Suddenly the blogosphere is talking about the need for a standardized first round term sheet. The latest iteration of this seems to have blossomed when TheFunded Founder Institute released a “Plain Preferred Term Sheet” (developed with WSGR). According to the article in TechCrunch, the goal is to (a) protect founders and (b) reduce legal fees. Kudos for yet another shot at this – between all the blog posts that have been written about this over the past few years, term sheets are no longer a mysterious thing to an entrepreneur.
However, let me suggest that the problem is not “the idea first round term sheet.” We now have a bunch of these – the YCombinator one, the TechStars one, the NVCA model docs, and several from law firms (WSGR did the YCombinator one, Cooley did the TechStars one.)
I think the focus should be on standardizing the docs and having a handful of fill in the blank terms for a first round financing. I’ve done my share of financings with a set of bullet points in email (I just proposed one today) and I’ve stated that the only things people should care about in the first round financing is (a) valuation and (b) the amount raised. That said, there will always be a handful of other things to argue about in a first round investment – most notably vesting dynamics, change of control issues, and option pool size (which is really just valuation). However, you should be able to do this off of a one page checklist that everyone understands.
But let’s get back to the real issue – standardizing the docs. I read through the protective provisions in TheFunded Founder Institute (TFFI) term sheet and they are a version that leaves a few things out that are important to me. I like a tighter version.
First is the TFFI version:
“So long as 25% of the aggregate number of Preferred shares issues in the financing are outstanding, consent of at least 50% of the then-outstanding Preferred will be required to (i) alter the certificate of incorporation if it would adversely alter the rights of the Preferred; (ii) change the authorized number of Preferred Stock; (iii) authorize or issue any senior or pari passu security; (iv) approve a merger, asset sale or other corporate reorganization or acquisition; (v) repurchase Common Stock, other than upon termination of a consultant, director or employee; (vi) declare or pay any dividend or distribution on the Preferred Stock or Common Stock; or (vii) liquidate or dissolve.”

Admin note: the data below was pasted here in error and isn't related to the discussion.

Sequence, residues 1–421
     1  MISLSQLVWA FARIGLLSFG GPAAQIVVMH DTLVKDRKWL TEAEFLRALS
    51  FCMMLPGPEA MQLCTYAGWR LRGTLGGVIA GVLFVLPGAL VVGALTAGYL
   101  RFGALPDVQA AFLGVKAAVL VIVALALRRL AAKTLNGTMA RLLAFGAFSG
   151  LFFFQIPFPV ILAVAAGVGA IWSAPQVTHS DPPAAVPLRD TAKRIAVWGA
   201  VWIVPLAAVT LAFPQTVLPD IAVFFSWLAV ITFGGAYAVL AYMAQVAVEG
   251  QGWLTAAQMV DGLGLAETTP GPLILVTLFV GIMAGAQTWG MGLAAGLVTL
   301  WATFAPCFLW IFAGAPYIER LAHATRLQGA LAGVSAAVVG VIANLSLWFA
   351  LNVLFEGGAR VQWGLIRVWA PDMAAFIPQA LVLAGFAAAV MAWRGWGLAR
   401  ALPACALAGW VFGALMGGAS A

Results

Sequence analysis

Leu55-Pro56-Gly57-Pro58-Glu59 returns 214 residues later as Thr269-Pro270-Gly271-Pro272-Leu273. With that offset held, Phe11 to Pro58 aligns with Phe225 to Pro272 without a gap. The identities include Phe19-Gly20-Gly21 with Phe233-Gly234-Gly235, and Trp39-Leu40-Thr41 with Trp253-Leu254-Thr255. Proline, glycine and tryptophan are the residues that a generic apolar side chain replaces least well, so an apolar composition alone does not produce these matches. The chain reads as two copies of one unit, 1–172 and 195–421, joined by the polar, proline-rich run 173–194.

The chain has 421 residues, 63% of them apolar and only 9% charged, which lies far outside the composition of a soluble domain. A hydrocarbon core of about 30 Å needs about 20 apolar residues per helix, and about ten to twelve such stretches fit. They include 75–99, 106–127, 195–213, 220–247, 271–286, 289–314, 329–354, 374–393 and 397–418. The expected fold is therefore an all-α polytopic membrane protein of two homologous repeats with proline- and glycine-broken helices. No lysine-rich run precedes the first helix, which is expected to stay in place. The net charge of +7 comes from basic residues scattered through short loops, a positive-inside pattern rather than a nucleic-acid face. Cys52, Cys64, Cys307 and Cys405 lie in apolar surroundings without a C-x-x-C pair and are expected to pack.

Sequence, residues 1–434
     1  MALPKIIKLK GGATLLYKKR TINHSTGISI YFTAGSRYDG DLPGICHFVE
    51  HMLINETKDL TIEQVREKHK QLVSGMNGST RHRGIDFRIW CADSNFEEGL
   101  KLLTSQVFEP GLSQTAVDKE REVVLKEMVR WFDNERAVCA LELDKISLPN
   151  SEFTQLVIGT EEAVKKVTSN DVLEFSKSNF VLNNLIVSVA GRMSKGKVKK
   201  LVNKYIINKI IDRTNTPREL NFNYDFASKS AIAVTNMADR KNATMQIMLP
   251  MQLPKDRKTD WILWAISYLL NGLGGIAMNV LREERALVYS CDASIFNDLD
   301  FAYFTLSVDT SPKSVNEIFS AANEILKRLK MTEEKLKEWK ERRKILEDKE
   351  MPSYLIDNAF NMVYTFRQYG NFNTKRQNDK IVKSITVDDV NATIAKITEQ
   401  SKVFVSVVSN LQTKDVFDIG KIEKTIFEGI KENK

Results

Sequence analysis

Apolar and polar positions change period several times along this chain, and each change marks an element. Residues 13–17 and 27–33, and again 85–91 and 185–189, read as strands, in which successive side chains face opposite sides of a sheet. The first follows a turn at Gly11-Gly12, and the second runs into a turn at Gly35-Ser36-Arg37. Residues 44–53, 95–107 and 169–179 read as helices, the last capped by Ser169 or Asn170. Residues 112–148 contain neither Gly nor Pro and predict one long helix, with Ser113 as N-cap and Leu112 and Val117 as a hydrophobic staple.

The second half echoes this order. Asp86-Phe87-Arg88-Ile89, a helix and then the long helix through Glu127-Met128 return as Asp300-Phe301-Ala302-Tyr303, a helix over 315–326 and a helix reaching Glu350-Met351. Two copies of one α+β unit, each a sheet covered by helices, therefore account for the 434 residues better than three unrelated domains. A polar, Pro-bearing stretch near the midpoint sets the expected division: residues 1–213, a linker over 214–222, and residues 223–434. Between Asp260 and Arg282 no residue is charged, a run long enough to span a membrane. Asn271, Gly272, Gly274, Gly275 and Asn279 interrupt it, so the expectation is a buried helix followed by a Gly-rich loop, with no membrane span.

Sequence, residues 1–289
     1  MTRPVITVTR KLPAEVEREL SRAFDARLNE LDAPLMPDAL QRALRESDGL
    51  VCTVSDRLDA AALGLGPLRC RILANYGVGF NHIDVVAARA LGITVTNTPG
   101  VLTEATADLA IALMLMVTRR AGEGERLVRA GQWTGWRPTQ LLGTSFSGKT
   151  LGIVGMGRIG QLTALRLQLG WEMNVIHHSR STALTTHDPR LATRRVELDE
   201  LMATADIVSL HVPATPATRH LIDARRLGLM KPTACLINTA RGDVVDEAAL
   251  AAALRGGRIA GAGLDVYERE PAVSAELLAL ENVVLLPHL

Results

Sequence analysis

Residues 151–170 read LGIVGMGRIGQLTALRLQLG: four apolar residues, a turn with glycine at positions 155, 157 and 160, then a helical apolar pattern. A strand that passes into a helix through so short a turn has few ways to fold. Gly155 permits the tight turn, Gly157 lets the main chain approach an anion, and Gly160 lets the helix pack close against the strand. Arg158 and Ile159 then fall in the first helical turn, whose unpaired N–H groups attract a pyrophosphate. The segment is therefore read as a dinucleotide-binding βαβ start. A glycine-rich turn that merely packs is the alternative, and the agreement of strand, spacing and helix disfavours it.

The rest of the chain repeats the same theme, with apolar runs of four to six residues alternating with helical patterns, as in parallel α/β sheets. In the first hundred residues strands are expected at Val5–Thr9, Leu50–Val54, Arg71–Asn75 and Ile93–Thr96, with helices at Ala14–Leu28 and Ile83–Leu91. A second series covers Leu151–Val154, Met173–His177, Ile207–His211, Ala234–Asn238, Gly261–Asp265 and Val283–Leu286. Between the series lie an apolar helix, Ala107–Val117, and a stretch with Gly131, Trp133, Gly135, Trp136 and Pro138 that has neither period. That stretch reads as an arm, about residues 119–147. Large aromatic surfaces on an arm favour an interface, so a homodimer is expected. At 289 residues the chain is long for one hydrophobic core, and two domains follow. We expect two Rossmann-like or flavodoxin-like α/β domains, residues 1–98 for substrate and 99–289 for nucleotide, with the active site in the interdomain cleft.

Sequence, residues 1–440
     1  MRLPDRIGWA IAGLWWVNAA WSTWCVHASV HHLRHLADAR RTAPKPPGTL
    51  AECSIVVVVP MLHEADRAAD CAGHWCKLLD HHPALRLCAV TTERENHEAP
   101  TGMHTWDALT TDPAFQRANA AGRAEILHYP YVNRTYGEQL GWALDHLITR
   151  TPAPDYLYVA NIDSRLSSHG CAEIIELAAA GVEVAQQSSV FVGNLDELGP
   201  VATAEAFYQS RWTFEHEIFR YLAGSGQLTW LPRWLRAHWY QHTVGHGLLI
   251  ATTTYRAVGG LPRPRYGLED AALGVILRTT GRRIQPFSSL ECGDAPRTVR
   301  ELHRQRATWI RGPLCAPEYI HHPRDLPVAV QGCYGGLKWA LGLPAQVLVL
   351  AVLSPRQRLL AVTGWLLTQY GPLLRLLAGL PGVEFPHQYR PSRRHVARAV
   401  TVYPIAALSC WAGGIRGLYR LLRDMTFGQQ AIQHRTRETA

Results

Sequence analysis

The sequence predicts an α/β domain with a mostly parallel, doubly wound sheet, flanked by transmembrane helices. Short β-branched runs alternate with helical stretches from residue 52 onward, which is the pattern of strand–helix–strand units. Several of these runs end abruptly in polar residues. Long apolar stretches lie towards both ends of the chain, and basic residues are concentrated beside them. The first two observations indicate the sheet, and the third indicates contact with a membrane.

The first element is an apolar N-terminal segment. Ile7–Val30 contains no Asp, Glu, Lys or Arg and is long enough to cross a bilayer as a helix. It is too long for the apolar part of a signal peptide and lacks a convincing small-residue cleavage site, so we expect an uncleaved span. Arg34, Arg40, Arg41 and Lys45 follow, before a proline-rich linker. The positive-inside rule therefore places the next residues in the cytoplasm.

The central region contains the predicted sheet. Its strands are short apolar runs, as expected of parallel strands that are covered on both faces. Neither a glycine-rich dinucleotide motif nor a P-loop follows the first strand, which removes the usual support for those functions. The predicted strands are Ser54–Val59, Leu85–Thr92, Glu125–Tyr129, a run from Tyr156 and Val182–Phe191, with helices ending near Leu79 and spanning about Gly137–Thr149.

Following is the standard we use in all of our financings:
“For so long as any shares of Series A Preferred remain outstanding, consent of the holders of at least a majority of the Series A Preferred shall be required for any action, whether directly or through any merger, recapitalization or similar event, that (i) alters or changes the rights, preferences or privileges of the Series A Preferred, (ii) increases or decreases the authorized number of shares of Common or Preferred Stock, (iii) creates (by reclassification or otherwise) any new class or series of shares having rights, preferences or privileges senior to or on a parity with the Series A Preferred, (iv) results in the redemption or repurchase of any shares of Common Stock (other than pursuant to equity incentive agreements with service providers giving the Company the right to repurchase shares upon the termination of services), (v) results in any merger, other corporate reorganization, sale of control, or any transaction in which all or substantially all of the assets of the Company are sold, (vi) amends or waives any provision of the Company’s Certificate of Incorporation or Bylaws, (vii) increases or decreases the authorized size of the Company’s Board of Directors, (viii) results in the payment or declaration of any dividend on any shares of Common Preferred Stock, (ix) issues debt in excess of $100,000, (x) makes any voluntary petition for bankruptcy or assignment for the benefit of creditors, or (xi) enters into any exclusive license, lease, sale, distribution or other disposition of its products or intellectual property.”